Jure Leskovec is assistant professor of Computer Science at Stanford University. His research focuses on mining large social and information networks. Problems he investigates are motivated by large scale data, the Web and on-line media. This research has won several awards including a Microsoft Research Faculty Fellowship, the Alfred P. Sloan Fellowship and numerous best paper awards. Leskovec received his bachelor’s degree in computer science from University of Ljubljana, Slovenia, and his PhD in in machine learning from the Carnegie Mellon University and postdoctoral training at Cornell University. You can follow him on Twitter @jure.
As Principal Researcher at Microsoft Research Cambridge (MSRC), Natasa Milic-Frayling sets research directions for the Integrated Systems group (http://research.microsoft.com/is), a cross-disciplinary team focused on design, prototyping and evaluation of information and communication systems and services. She also serves as Director of Research Partnership with industry (http://research.microsoft.com/rpp), the MSRC programme that facilitates collaboration between MS Research and industry leading partners and clients. Natasa is actively involved with a wider industry and academic community, promoting research and innovation through public speaking and research engagements.
Derek L. Hansen is an Assistant Professor at Brigham Young University’s Information Technology program in the School of Technology (http://it.et.byu.edu/). Dr. Hansen completed his PhD from the University of Michigan’s School of Information where he was an NSF-funded interdisciplinary STIET Fellow (http://stiet.si.umich.edu/) focused on understanding and designing effective online socio-technical systems. His research focuses on mass collaboration, games for change, citizen science, consumer health informatics, and social network analysis and visualization.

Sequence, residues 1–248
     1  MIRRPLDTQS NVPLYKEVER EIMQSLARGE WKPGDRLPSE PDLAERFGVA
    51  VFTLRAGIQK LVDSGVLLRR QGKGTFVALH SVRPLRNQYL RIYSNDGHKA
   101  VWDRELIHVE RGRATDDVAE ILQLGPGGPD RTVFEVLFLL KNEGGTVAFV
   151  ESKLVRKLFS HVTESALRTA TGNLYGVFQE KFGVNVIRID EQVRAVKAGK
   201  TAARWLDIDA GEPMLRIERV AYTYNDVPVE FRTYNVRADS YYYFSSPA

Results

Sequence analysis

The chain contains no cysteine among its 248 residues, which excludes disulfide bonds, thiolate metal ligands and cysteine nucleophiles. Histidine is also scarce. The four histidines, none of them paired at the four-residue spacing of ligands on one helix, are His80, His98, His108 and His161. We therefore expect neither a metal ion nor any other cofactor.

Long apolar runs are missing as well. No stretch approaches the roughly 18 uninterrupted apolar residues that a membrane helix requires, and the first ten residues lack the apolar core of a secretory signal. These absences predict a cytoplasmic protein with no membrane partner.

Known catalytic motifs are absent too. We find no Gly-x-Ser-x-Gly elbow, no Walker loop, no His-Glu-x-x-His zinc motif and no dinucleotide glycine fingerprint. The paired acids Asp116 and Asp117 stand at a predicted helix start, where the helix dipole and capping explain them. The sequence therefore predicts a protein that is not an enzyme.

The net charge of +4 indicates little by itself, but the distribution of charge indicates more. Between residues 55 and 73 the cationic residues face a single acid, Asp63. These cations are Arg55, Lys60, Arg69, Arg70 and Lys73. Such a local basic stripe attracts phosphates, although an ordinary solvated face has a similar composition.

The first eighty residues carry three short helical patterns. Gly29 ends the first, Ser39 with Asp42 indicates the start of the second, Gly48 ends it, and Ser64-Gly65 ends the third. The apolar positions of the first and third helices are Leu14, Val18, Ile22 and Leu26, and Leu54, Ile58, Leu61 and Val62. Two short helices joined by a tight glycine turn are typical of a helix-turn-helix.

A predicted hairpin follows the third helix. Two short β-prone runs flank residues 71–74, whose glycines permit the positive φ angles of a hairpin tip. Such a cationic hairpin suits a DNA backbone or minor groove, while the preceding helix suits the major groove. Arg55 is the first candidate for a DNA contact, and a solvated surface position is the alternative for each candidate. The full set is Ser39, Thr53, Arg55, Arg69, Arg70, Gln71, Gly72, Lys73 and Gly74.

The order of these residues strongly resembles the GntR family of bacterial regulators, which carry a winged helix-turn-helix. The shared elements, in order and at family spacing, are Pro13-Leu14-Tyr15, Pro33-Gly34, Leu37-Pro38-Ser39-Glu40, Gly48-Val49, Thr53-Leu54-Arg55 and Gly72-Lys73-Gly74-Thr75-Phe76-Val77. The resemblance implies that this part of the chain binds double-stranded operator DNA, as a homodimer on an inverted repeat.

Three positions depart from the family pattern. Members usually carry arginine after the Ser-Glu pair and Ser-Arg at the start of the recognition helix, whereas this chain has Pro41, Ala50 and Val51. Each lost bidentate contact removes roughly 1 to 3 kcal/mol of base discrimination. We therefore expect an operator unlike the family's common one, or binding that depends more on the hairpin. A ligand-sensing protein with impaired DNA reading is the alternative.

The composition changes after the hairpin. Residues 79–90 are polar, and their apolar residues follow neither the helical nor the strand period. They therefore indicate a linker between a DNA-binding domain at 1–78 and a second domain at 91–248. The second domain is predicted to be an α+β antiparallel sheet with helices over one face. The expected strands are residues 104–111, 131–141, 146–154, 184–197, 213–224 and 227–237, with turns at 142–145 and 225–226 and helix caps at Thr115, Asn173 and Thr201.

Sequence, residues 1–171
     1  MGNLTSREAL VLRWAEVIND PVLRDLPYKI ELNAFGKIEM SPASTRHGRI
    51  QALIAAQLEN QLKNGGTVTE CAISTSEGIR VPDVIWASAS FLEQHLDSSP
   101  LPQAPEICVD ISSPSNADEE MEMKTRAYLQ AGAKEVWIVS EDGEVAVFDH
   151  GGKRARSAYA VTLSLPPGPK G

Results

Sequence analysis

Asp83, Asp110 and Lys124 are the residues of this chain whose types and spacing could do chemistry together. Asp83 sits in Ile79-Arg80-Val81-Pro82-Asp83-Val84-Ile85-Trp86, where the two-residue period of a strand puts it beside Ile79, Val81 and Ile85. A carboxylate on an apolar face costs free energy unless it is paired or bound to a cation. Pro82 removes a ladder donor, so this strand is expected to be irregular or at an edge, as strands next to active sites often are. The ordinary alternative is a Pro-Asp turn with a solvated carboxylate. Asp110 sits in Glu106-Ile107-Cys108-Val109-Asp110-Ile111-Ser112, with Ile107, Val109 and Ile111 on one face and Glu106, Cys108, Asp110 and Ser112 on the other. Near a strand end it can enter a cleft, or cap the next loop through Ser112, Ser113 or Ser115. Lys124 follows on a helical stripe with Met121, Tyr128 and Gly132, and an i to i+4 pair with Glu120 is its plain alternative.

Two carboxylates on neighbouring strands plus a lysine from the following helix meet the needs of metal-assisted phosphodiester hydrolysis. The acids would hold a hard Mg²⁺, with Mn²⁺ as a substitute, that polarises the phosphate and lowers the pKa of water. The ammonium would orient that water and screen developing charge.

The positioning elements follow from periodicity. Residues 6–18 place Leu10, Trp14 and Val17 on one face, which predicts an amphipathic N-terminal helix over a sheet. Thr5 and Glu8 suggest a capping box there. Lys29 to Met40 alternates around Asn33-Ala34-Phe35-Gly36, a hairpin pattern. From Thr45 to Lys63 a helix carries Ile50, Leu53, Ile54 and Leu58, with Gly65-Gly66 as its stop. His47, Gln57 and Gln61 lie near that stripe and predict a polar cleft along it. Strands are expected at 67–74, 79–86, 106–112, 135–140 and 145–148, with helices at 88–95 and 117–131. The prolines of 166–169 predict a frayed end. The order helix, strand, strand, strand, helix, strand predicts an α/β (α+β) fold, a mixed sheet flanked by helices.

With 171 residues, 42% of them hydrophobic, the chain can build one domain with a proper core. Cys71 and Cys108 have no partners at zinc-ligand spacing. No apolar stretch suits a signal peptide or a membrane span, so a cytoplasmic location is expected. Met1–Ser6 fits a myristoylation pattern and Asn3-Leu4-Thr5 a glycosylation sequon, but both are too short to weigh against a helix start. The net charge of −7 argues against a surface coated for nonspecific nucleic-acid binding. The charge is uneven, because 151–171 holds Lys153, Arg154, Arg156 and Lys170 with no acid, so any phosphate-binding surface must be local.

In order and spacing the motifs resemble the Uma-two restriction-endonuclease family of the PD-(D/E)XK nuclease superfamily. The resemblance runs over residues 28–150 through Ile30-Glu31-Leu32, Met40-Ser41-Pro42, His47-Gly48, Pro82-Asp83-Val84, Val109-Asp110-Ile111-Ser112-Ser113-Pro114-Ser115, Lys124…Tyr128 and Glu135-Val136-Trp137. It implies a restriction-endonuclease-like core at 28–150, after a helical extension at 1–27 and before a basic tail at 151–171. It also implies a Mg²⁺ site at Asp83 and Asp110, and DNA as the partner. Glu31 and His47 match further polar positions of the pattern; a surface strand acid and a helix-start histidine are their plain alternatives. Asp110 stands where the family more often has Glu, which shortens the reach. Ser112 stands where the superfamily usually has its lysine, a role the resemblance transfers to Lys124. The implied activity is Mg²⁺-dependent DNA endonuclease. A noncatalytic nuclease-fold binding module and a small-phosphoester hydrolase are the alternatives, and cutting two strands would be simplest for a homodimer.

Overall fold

Cody Dunne recently graduated with a PhD in Computer Science from the University of Maryland Human Computer Interaction Lab. His research focuses on information visualization, specifically on improving the readability of network visualizations and the application of network analysis techniques to real-world problems. Some examples include visualizing citations in academic literature, interactions of people and organizations, relationships in archaeological dig sites, term co-occurrence, thesaurus category relationships, and computer network traffic flow. He is a contributor to the NodeXL project, an open source network visualization template for Microsoft Excel. Cody also earned a B.A. in Computer Science and Mathematics from Cornell College in 2007 and an M.S. in Computer Science from the University of Maryland in 2009.